Place the sugar and almond paste in the bowl of a stand mixer and using the paddle attachment, mix on medium low to begin breaking up the almond paste.  Add the cold butter and increase the speed to medium high (you may need to put some plastic wrap around the mixer to prevent the almond paste, sugar and butter from being flung out of the bowl).  Beat until the mixture is smooth.  When no lumps of almond paste or butter remain, increase the speed to high and add the soft butter.  Cream until light and fluffy.  Scrape down the bowl add the almond extract and mix in.

Add the eggs one at a time, beating briefly on medium-high speed after each addition to return the batter to fluffiness and scraping down the sides before each next addition.  Fold in half of the dry ingredients, followed by the yogurt.  Add the remaining dry ingredients followed by 4 to 5 oz. of the raspberries on top of the dry.  

By hand fold in this remaining flour with the berries.  It is not necessary to be too gentle….the cake is actually kind of nice if some of the berries break up.  Don’t overdo it though…you don’t want pink batter.  


Turn the batter into the prepared pan.
  Smooth the surface and scatter 3 oz. of berries evenly over the top.  


Transfer the cake to the oven and bake for about 40 minutes.  The cake is done when it is golden brown and a toothpick inserted in the center comes out clean.  Let the cake cool in the pan for 10 to 15 minutes.
  Run a small palate knife around the edge and invert the cake onto a rack or plate.  Place a rack on the bottom and reinvert so that the cake cools right side up.  Cool completely. 

The cake may be served simply—dusted with powdered sugar and accompanied by whipped cream.
  Or, serve as a brunch/breakfast cake by drizzling with a powdered sugar glaze and sprinkling with toasted almonds (see below).  Serves 10. 

Powdered sugar glaze:
  In a small heat-proof/microwave safe bowl combine 1 c. (120 g.) powdered sugar with 2 T. melted butter, 1 1/2 T. heavy cream, 1/2 t. vanilla extract and 1/2 t. almond extract.   Stir with a rubber spatula until smooth.  This frosting “sets” as the melted butter cools.  If it is too stiff for drizzling right after mixing (from cold cream straight out of the fridge…or a chilly room…for example), gently warm until the consistency is right.  If you overdo it, just let it sit for a few minutes and it will start to thicken/firm up again.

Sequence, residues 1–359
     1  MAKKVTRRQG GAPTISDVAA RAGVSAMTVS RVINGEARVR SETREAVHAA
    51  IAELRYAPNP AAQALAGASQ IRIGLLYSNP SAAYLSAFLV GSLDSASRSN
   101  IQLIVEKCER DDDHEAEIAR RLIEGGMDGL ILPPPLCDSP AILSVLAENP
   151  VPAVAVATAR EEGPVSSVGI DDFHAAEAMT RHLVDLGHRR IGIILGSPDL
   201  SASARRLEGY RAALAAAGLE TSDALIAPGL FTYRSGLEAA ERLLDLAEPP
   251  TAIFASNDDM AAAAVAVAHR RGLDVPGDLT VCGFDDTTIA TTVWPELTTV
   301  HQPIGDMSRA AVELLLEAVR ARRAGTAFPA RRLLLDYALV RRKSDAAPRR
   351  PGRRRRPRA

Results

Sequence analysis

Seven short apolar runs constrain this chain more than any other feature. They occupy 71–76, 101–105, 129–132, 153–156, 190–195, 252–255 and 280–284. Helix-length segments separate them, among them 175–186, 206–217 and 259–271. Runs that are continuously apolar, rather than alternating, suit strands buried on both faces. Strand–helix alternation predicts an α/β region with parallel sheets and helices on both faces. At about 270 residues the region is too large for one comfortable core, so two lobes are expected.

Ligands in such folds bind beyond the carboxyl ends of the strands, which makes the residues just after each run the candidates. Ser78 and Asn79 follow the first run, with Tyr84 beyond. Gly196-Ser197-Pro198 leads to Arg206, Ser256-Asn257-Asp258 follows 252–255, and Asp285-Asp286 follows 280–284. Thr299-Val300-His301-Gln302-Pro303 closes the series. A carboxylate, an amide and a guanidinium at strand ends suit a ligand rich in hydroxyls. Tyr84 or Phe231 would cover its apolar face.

To decorate the cake, generously drizzle some of the glaze over the surface of the cake.  Sprinkle the toasted almonds over to cover (the glaze will act as a tasty kind of glue).  If you like, drizzle more glaze over the almonds in a uniform, back and forth (across the cake) motion.  (Or, dredge the almonds with powdered sugar.)  If you want to insure perfectly clean cuts, portion the cake and then apply the glaze and almonds as for the whole cake (the sliced almonds might cause the tender and soft cake to tear when you cut it).

Printable Version



Monday, July 12, 2021

Cooking from the Summer Pantry: Pasta with Cherry Tomatoes, Corn & Pesto

I have been a bit bummed about my lack of attention to my blog…for some time now if I’m honest…but especially in recent months.  Over the past few years I have reduced the number of posts simply because I just don’t have the time to invest in it like I once did.  But during the pandemic I haven’t really had much in the way of new cooking/recipes to post.  The cooking I do for private dinners and new classes has been radically reduced (for a while it disappeared entirely).  The cooking I do for myself has been mostly cooking tried and true items (many of which I have already posted!).  My pandemic year (going on two, now…) has been spent cooking a lot of never-to-be-duplicated meals which are made up of leftovers from online classes (since I don’t serve tastings for those classes) and cooking from my pantry in an effort to minimize time spent out and about.  So the meals have been what some might consider boring (not blog-worthy?).  


Despite this feeling that the things I have made might not be interesting enough for my blog, I have never felt deprived by these meals:  they have been delicious!  And I have realized that in many respects the kind of cooking I have done for myself during this time is exactly the kind of skill I have always wanted to impart in my classes and on my blog.  It is, in fact, really cooking.  It is a cuisine of daily inspiration from what you have on hand—made possible from a lifetime of cooking that has produced an abundance of taste memory and a set of well-honed kitchen skills.  

Unfortunately this kind of skill can’t be acquired through a class, food TV, or a blog… unless you are engaging in the activity itself after you watch or read.  But—in the hope that people are cooking—I will continue (when I can!) to do on my blog what I have always done:  teach skills (see my catalog of basic techniques…as well as the incidental skills included in almost every single post) and describe as best as I am able how I arrived at a certain result (which I try to do in most of my posts and recipes).